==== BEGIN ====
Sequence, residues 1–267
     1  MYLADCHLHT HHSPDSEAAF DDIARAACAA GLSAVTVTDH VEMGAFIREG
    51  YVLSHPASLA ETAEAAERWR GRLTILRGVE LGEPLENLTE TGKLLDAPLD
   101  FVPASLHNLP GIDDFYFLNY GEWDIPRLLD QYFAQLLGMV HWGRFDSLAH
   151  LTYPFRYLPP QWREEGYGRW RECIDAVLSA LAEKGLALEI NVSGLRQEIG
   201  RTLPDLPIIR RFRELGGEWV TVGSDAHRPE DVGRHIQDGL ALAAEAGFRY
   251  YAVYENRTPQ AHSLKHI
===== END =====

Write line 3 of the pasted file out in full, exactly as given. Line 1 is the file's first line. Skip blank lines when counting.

    51  YVLSHPASLA ETAEAAERWR GRLTILRGVE LGEPLENLTE TGKLLDAPLD